In the 60’s, my Brattleboro Union High School football team scrimmaged with the Keene High School team. They had a reputation for being dirty players who used foul language. That’s the impression of Keene that’s lingered with me for the past forty years. I shouldn’t have been surprised to find that the place has changed since the Johnson Administration. But my recent reintroduction to the city through an invitation to Keene State College has totally changed my perspective. What was once a small teacher’s college housed in a few brick buildings along Main Street has blossomed into a large, vibrant campus that now can honestly be said to define the heart of the city.
Over the past few months I’ve been a guest speaker and adviser to senior students in the architecture department. Their thesis project was to develop a program, and design the buildings and grounds for The Water House, a destination spa and environmental education center being built in western Massachusetts. The studio was sponsored by the New England distributor of Marvin windows, A.W. Hastings. Prizes were offered to the top three designs, judged by me and and a dozen other landscape professionals and regional architects.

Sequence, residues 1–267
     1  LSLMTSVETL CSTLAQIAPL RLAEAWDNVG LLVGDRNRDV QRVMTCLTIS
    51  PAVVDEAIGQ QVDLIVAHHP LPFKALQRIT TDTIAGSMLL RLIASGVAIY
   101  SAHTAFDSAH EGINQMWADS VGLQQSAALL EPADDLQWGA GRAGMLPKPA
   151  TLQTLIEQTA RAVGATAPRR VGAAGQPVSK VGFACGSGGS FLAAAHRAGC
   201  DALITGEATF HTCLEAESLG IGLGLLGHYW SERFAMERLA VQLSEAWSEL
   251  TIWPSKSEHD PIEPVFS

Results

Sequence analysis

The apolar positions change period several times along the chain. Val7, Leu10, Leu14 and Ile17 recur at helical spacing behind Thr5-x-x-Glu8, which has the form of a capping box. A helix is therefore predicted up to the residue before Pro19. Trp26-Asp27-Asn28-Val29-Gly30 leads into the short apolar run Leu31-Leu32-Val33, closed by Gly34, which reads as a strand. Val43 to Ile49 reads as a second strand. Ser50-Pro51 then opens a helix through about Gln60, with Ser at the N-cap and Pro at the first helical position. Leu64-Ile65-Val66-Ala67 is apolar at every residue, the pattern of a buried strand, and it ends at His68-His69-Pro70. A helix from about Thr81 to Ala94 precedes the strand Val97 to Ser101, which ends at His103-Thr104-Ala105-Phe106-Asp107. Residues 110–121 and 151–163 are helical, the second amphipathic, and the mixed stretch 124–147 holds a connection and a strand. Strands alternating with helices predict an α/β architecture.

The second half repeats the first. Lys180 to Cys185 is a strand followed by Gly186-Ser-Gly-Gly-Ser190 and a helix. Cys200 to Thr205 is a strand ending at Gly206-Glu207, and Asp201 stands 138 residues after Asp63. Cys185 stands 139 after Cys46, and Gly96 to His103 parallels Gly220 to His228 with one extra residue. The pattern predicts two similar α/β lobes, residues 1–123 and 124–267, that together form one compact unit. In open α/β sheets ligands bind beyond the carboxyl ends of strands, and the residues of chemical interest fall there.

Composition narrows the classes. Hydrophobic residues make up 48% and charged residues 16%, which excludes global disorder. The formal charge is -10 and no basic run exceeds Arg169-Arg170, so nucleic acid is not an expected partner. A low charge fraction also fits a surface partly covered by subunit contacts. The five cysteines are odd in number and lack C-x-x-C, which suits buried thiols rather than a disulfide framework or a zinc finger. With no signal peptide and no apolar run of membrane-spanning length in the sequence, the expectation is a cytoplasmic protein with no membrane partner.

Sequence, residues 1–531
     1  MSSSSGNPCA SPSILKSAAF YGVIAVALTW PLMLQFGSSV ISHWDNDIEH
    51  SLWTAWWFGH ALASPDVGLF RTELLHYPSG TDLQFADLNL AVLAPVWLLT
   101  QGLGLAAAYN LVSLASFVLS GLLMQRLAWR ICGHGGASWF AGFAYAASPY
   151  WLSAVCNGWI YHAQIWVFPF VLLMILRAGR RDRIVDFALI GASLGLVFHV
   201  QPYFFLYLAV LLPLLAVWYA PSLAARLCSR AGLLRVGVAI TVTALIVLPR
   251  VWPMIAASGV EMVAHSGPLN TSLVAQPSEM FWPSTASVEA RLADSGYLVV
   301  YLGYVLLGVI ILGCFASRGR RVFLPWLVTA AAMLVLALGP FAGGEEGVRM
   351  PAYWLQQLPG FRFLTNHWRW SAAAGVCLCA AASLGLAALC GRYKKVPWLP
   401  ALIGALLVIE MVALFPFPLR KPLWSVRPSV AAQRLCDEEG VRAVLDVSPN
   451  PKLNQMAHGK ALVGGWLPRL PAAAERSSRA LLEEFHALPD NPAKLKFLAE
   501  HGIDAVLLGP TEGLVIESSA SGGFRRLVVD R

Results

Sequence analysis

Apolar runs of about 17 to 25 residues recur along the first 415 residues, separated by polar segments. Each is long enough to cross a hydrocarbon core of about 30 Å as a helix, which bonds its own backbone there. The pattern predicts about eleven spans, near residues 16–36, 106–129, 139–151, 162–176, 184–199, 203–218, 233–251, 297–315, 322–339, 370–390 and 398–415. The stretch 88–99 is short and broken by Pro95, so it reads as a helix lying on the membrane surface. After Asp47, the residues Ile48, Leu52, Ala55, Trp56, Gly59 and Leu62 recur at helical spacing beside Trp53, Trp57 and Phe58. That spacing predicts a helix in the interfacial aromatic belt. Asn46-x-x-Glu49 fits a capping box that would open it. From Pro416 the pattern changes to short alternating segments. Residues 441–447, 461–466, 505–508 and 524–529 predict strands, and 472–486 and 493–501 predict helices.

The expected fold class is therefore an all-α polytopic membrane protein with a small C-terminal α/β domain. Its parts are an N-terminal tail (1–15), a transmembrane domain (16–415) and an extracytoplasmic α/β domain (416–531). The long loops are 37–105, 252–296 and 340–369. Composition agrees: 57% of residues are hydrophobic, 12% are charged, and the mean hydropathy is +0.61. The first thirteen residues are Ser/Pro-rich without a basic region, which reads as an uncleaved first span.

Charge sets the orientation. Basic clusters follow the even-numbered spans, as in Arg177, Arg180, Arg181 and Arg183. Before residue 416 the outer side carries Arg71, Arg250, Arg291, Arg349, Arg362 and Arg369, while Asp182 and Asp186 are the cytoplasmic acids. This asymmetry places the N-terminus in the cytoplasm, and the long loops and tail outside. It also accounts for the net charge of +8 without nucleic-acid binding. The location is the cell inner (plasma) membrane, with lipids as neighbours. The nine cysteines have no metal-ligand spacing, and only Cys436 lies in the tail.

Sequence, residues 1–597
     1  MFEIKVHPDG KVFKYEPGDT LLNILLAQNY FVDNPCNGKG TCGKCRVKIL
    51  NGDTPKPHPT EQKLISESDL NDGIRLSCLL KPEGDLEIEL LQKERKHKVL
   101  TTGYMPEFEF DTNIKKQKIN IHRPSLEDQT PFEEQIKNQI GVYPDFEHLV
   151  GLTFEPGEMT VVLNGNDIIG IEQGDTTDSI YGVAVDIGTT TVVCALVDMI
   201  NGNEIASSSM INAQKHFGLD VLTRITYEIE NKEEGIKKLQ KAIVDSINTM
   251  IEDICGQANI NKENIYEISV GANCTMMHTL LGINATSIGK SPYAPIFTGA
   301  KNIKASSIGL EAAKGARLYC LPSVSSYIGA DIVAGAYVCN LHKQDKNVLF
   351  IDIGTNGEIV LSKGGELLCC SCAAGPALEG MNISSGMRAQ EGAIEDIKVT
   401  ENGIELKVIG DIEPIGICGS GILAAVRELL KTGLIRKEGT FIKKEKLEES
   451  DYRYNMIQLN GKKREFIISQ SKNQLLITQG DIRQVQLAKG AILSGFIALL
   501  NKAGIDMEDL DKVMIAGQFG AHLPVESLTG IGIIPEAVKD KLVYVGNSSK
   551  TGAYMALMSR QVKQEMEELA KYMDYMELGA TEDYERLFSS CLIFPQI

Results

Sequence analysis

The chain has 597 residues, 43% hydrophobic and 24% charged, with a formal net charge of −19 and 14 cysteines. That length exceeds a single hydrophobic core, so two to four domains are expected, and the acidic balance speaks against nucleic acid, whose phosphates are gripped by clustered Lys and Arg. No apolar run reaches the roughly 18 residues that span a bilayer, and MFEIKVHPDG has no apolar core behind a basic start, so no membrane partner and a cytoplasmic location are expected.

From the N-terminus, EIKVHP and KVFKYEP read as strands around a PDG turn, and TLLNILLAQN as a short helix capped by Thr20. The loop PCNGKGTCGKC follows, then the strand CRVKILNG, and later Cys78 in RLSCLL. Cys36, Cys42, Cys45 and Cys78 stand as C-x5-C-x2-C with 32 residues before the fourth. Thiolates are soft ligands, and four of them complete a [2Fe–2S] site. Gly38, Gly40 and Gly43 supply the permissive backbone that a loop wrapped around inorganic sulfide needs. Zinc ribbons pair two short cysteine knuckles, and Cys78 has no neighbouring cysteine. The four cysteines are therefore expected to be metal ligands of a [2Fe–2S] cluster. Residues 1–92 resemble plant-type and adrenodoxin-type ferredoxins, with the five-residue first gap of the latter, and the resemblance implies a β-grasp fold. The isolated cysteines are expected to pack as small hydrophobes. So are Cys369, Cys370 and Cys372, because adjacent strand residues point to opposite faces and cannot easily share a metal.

The critiques took place in the spanking new TDS Center building, a beautiful, light filled LEED certified space on the north side of campus. For the awards ceremony we dined in a well appointed banquet hall in the Student Center. Peter Hedlund from Sasaki Associates was the keynote speaker.
I was warmly welcomed at Keene State by faculty members and made to feel a full participant by my co-jurors in all the proceedings. Special thanks to Donna Paley, Bartlomiej Sapeta and Chris Rawlings. Also Patrick Gordon and Walter Nicolai. Peter Newman set the tone for a constructive and thought-provoking critique. It was a pleasure to meet students and be included in their process of discovery and design. The “old” Keene of memory has been swept away. Long live the “new” Keene!